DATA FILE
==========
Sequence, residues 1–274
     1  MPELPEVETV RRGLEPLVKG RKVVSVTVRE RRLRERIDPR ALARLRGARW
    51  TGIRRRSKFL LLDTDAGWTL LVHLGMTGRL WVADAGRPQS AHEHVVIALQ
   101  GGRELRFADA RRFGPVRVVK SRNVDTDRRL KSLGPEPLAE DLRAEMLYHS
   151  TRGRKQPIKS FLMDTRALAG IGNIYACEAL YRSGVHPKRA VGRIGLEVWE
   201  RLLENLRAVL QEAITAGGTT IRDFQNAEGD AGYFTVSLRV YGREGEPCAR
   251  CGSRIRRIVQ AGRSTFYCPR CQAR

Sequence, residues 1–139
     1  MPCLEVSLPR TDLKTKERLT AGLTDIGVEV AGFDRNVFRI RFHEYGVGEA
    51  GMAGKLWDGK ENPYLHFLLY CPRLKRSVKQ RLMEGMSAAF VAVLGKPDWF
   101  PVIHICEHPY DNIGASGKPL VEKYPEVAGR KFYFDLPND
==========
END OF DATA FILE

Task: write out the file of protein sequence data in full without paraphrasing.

Sequence, residues 1–274
     1  MPELPEVETV RRGLEPLVKG RKVVSVTVRE RRLRERIDPR ALARLRGARW
    51  TGIRRRSKFL LLDTDAGWTL LVHLGMTGRL WVADAGRPQS AHEHVVIALQ
   101  GGRELRFADA RRFGPVRVVK SRNVDTDRRL KSLGPEPLAE DLRAEMLYHS
   151  TRGRKQPIKS FLMDTRALAG IGNIYACEAL YRSGVHPKRA VGRIGLEVWE
   201  RLLENLRAVL QEAITAGGTT IRDFQNAEGD AGYFTVSLRV YGREGEPCAR
   251  CGSRIRRIVQ AGRSTFYCPR CQAR

Sequence, residues 1–139
     1  MPCLEVSLPR TDLKTKERLT AGLTDIGVEV AGFDRNVFRI RFHEYGVGEA
    51  GMAGKLWDGK ENPYLHFLLY CPRLKRSVKQ RLMEGMSAAF VAVLGKPDWF
   101  PVIHICEHPY DNIGASGKPL VEKYPEVAGR KFYFDLPND